This has traditionally been Cab-Merlot-Syrah country and it was no surprise that we were knocked-out by three local reds. Two were Cabernets: The 2008 Sciandri Estate Cabernet was a true beauty, showing the concentration of its vintage and great clarity to its cherry, cranberry, vanilla and baking-spice flavors (Later, John added a bottle to a San Francisco Wine Tasting Panel Cab tasting, where it was the clear favorite!). The 2011 Edict Cabernet Sauvignon Collinetta Vineyard is obviously a 2011 vintage star and looked like a cult-wine in the making. It is a June release and we hope to launch it in our June High Rollers Cabernet Club box.

The Mink Vineyard, produced each year by Ancien Winery, is the only consistently brilliant Pinot Noir property we know of in Coombsville. We have a faithful following for this wine, which is typically almost masculine in personality. It almost always serves-up rich dark fruit and lots of spice, and has a great track record for improvement in bottle. We found the 2012 intense, yet stunningly feminine. It displays lovely perfume, gorgeous fruit clarity and lively zest. Its tannic grip lurks below an already silky texture. Our Pinot Noir Club members can expect a bottle in their April box.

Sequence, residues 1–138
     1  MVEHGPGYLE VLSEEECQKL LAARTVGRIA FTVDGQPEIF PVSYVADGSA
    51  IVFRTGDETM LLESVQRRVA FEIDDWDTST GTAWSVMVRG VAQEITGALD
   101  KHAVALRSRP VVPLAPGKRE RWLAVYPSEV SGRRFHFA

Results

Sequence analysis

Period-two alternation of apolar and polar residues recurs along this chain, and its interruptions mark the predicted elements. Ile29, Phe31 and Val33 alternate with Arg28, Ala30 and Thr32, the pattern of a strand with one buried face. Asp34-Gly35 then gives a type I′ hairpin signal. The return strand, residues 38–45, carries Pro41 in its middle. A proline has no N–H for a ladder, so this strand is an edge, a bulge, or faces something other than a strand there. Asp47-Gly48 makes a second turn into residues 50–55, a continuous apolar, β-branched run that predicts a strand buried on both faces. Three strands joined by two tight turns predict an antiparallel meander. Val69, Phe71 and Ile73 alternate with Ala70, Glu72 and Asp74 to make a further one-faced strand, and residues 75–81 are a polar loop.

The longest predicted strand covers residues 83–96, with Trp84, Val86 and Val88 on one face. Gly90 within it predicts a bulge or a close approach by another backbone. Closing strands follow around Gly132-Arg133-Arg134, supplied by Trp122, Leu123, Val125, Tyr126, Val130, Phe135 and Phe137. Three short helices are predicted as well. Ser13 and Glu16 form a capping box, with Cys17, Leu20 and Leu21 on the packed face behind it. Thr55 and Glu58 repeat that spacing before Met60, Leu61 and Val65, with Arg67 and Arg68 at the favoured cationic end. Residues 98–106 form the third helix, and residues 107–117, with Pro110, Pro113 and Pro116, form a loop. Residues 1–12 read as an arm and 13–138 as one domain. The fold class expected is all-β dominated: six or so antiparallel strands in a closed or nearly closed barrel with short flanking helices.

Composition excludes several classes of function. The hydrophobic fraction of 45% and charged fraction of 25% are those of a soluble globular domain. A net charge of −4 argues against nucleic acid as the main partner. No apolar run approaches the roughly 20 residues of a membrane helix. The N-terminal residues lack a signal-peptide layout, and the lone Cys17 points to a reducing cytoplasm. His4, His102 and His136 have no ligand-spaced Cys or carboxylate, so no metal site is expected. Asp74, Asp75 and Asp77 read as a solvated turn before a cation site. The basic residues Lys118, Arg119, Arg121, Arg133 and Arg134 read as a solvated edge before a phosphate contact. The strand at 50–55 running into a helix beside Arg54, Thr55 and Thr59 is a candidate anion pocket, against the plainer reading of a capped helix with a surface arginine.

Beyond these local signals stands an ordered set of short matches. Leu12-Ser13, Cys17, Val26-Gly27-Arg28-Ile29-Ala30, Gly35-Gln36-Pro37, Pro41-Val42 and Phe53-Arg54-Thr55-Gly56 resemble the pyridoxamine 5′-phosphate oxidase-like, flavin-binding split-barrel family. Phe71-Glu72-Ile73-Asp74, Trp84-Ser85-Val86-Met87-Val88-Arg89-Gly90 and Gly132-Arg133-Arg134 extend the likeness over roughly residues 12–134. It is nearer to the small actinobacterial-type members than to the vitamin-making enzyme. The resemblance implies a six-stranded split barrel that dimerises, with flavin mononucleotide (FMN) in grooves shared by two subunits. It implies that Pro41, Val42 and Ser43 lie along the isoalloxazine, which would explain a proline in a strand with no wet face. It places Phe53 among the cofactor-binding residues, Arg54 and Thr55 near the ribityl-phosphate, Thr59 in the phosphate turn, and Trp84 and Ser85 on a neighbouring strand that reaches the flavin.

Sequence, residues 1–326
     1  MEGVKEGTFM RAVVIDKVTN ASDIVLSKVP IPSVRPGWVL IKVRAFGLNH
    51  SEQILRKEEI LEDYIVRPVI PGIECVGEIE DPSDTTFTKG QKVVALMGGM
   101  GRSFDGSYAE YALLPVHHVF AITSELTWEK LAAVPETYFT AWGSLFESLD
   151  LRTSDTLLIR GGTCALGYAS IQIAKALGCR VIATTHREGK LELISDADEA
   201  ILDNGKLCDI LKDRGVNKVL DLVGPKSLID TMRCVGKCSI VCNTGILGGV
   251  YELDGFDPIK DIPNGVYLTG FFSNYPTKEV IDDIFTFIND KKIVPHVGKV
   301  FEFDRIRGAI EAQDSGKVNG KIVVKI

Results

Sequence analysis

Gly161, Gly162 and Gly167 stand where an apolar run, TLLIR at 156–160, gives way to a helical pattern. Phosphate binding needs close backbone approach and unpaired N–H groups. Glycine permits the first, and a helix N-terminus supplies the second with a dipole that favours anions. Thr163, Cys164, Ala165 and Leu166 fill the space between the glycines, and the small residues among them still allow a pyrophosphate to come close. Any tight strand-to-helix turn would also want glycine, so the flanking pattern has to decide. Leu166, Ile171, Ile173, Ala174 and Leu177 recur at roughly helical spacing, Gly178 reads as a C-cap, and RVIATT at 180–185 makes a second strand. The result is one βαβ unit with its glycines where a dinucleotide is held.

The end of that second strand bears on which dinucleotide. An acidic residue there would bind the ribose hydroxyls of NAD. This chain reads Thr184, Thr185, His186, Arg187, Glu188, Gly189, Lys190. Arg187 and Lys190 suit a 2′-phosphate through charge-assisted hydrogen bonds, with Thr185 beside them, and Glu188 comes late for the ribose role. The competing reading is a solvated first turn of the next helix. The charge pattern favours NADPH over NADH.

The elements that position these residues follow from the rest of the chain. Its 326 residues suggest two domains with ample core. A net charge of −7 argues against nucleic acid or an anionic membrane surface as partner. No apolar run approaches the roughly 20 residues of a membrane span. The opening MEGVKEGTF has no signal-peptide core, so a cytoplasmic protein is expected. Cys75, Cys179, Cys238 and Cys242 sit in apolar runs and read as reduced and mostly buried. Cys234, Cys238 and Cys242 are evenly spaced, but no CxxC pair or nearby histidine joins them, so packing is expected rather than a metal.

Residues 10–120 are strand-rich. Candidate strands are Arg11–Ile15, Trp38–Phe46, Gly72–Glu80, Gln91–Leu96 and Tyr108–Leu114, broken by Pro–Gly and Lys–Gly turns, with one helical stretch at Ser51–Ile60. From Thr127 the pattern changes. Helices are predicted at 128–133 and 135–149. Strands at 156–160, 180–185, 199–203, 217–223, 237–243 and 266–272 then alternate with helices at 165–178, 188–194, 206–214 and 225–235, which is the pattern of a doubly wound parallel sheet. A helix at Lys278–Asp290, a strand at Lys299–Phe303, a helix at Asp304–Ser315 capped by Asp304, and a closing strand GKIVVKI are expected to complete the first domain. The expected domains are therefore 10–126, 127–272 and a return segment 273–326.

We didn’t leave Coombsville until after dark. It had been a long day in the trenches, but a good one.


                                   View of Syrah vines from the terrace at the Chin's barn.


                       Don holds living proof that great Pinot can be grown in Coombsville.


                        Don, at end of day, recalling why he does not live in Minnesota. 



Time Posted: Mar 20, 2014 at 11:59 AM
Don Gillette
March 5, 2014 | Don Gillette

Napa Valley: Old & New History (part one of two)